Poinsettia nursery hits hard times - Hawaii News Now - KGMB and KHNL

Poinsettia nursery hits hard times

William Durston William Durston
Alan Takemoto Alan Takemoto

By Duane Shimogawa - bio | email

WAIMANALO (KHNL) - It's not only drought and disease threatening island crops. Hawaii farms could face a grim future because of our slowing economy.

"We're at a sense of urgency right now and if the economy doesn't turn around, we might see some farm operations closing down,"

Bill Durston sells mostly to big box stores and some hotels. He thought demand would be high this year, so he grew more poinsettias. But as it turns out, he was wrong and now feels anything but the holiday spirit.

It's the number one selling plant during the holidays, yet Leilani Nursery is still filled with it.

"I believed, I thought the cycle would not be very severe and it's much more severe than I thought, especially with the stock market, everyone concerned and just a natural tendency is to save your money right now," Durston said.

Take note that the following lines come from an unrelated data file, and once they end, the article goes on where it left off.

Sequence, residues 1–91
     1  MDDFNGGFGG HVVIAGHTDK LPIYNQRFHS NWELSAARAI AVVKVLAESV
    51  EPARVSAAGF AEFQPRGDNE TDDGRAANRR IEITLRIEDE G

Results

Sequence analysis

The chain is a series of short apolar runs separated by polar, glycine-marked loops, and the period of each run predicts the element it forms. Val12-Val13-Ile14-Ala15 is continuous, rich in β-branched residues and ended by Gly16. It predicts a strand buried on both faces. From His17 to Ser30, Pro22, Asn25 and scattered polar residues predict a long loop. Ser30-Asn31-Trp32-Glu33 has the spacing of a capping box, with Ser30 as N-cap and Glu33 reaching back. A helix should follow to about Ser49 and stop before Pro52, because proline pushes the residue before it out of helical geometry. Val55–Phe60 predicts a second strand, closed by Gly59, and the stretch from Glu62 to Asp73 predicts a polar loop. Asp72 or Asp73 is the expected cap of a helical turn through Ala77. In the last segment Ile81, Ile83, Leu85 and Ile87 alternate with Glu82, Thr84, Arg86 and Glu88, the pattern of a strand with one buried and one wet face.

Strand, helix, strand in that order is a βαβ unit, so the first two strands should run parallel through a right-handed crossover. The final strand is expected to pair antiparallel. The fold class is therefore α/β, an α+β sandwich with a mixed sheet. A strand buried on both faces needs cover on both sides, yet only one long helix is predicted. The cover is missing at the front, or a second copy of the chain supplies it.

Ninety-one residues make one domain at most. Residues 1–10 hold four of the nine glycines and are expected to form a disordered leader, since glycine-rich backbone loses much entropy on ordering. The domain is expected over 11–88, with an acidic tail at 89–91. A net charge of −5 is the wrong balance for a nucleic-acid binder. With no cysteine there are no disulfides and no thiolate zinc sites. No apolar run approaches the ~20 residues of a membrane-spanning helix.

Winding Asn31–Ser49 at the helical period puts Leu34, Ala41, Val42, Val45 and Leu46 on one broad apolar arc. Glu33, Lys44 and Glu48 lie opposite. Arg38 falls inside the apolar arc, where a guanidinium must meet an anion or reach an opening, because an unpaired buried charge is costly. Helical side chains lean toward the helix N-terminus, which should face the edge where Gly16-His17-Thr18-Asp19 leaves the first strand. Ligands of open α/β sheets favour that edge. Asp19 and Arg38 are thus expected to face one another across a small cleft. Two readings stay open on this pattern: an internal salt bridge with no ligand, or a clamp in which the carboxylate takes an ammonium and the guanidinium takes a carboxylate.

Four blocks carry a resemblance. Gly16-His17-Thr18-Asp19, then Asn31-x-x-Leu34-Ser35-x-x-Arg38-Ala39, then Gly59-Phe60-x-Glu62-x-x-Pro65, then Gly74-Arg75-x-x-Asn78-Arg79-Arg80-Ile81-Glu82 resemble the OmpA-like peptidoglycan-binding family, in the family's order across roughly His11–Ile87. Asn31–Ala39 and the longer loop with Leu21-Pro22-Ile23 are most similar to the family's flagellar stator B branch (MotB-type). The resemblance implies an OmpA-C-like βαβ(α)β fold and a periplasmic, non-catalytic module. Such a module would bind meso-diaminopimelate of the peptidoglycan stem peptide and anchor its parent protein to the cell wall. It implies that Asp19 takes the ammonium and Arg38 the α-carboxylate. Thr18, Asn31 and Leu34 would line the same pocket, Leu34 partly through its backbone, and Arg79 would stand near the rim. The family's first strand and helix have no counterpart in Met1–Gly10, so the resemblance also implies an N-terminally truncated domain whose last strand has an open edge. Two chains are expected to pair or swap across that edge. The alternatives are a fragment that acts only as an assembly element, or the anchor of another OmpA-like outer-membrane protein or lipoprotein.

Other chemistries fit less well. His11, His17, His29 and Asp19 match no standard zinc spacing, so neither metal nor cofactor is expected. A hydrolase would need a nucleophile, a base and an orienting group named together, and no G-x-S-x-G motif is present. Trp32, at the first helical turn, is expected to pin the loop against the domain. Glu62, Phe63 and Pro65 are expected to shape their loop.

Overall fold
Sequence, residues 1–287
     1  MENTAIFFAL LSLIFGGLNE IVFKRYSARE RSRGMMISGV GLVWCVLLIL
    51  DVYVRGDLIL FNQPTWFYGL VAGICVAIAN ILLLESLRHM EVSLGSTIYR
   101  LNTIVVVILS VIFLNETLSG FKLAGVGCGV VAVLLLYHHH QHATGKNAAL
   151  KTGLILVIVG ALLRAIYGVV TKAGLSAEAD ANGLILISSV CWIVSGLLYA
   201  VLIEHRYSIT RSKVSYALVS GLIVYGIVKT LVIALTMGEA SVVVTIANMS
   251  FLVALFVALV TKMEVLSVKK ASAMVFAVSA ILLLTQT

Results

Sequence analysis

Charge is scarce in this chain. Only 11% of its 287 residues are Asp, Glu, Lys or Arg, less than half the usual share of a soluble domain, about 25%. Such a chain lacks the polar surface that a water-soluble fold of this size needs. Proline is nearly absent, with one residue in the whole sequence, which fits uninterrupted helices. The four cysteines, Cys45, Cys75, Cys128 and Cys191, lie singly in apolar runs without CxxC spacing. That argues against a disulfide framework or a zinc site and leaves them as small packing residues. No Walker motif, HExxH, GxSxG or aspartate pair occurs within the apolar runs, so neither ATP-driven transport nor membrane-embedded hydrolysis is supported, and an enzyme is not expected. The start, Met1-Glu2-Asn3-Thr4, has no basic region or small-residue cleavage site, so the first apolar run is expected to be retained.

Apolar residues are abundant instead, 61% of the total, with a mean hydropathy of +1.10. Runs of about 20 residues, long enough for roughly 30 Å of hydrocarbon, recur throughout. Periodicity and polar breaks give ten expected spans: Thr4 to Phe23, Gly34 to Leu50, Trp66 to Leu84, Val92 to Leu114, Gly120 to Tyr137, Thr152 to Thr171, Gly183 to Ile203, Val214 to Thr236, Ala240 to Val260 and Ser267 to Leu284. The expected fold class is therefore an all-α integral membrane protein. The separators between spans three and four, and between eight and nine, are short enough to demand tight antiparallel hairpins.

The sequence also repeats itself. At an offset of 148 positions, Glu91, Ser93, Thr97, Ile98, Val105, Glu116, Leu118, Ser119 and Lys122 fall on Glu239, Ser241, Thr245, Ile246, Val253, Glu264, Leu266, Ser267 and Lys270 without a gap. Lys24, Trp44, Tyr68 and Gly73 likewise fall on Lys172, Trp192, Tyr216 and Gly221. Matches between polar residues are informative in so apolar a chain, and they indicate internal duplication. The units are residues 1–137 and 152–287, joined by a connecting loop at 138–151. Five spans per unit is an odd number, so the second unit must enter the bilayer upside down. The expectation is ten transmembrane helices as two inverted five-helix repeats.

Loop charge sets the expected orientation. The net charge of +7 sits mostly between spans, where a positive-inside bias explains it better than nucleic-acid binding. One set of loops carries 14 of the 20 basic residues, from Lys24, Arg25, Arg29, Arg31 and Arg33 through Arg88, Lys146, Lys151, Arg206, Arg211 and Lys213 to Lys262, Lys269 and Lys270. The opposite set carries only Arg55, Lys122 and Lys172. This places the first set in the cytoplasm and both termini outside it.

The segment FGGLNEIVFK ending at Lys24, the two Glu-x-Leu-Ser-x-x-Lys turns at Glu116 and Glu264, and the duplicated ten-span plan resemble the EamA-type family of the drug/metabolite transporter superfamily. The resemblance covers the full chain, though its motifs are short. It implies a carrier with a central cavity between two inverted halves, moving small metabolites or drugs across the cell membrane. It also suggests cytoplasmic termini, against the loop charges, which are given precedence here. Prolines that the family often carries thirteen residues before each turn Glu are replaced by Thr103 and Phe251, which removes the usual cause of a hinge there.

Something Durston doesn't like to hear, but he hopes a back-up plan helps his profits grow.

"I'm really forced to get out there and try to develop new markets and to deal with the smaller customers, who need tiny, little orders and more service and also a better quality plant," he said.

As seasonal businesses like Leilani Nursery continue to struggle during these tough times, Hawaii Farm Bureau Federation officials say they're not alone.

"All of the farmers are feeling the pinch of the economy, they have been wrapping up for the holidays and they're going to have to see how the market goes and act accordingly," Hawaii Farm Bureau executive director Alan Takemoto said.

Takemoto says farmers are extremely adaptable and that should help them.

"That's what agriculture is about," he said. "Farmers don't just plant just for today or tomorrow. I mean their whole operation is based on the long haul, so they're here to stay, there are going to be times when farmers are going to have to make that hard decision."

For Durston, that means something he's never done before, but may be forced to do for the first time in the 25 years he's been in business.

"I don't want to lose any," he said. "I'll be standing alongside the road selling poinsettias if I have to in the end."

They have 26 workers right now and already they've laid off a couple of people. If the economy doesn't change soon, they'll be forced to lay off even more workers.

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